Winter Music Conference

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Winter Music Conference
Robbie Rivera.jpg
Genre Electronic music
Dates March 24–28, 2015
Location(s) Miami, Florida, United States
Years active 1985–present

The Winter Music Conference (WMC) is a weeklong electronic music conference, held every March since 1985 in Miami Beach, Florida, United States.[1] It is also known as the premiere platform for electronic dance music. The conference brings together professionals such as artists, DJs, record label representatives (A&R), producers, promoters, radio and the media for seminars and panel discussions.[1] Thousands of attendees attend the Winter Music Conference each year.[1]

History and background[edit]

The conference is spread across various locations in Miami.

It was founded in 1985 by then DJs and record pool directors, Louis Possenti and Bill Kelly. Held annually in Miami Beach, Florida, the Winter Music Conference, or "WMC" as followers of electronic dance music call it, has hosted up to an estimated 100,000 people.[2] The first Winter Music Conference took place at the Fort Lauderdale Marriott during 19–21 February 1986.[3] There were approximately 80 dance music industry insiders in attendance.[4] Since its inception in 1986, the event festivities have moved down south, across Miami Beach and Downtown Miami. A major event during WMC is the International Dance Music Awards (IDMAs). The event commands a major international draw with around 38% of attendees coming from outside the United States.[5] The conference serves as a platform for many underground and indie artists from over 70 different countries who spend the conference at events and panels; it is also a medium used by several entrepreneurs and consumer electronic companies to present their businesses and technological developments.[5]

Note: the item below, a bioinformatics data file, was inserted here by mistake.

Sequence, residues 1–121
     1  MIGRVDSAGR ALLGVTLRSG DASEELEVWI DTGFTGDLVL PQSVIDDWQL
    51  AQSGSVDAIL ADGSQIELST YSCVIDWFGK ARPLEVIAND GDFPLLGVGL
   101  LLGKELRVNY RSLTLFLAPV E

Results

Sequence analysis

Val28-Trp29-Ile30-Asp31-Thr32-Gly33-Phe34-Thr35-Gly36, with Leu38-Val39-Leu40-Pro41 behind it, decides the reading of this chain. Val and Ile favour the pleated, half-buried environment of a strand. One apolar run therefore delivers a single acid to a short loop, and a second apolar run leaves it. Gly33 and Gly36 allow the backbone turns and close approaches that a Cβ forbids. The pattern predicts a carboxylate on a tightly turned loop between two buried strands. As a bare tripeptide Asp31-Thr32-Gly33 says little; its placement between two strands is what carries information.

The WMC & The Recording Academy began in 1996 - a partnership presenting The Producers Forum, a gathering of legendary artists.[6] In 1999, Ultra Beach Music Festival, now known as Ultra Music Festival, became an event as part of Winter Music Conference, taking place on 13 March 1999.[7] Waxpoetics Magazine, JBL, and Stanton sponsored the first International Record Collectors Show in 2007.[5] The WMC 2009 introduced the first annual WMC VJ Challenge at The Miami Beach Resort & Spa with celebrity hosts, judges, and VJs from various parts of the world hosted by VJ Psyberpxie and Felix Sama.[6] This inaugural year of the competition resulted in Sergey Lobodln (Moscow, Russia), walking away with the top winner prize.[8] In 2010, the VJ Challenge was expanded into two areas of competition; Video Mixing and Audio/Visual Mixing. The 2010 VJ Challenge winners were AeonChild (Boulder, Colorado) in the video category and Eclectic Method (London/NYC) in the Audio/Visual category.[9] The Miami Beach Resort also received the performance of the RoboMusic Demo in which Funkstar De Luxe and RoboProfessor (Henrik Hautop Lund) create live interactive compositions of RoboMusic.

Since 2008, the conference has received increasing competition from the International Music Summit taking place in Ibiza in May.